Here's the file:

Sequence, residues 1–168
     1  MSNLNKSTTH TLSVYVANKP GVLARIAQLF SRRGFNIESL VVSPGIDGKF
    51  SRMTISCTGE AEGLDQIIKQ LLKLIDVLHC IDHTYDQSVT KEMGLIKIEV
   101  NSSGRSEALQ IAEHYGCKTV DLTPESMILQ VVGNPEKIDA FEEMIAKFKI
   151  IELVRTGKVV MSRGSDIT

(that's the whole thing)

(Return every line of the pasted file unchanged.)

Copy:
Sequence, residues 1–168
     1  MSNLNKSTTH TLSVYVANKP GVLARIAQLF SRRGFNIESL VVSPGIDGKF
    51  SRMTISCTGE AEGLDQIIKQ LLKLIDVLHC IDHTYDQSVT KEMGLIKIEV
   101  NSSGRSEALQ IAEHYGCKTV DLTPESMILQ VVGNPEKIDA FEEMIAKFKI
   151  IELVRTGKVV MSRGSDIT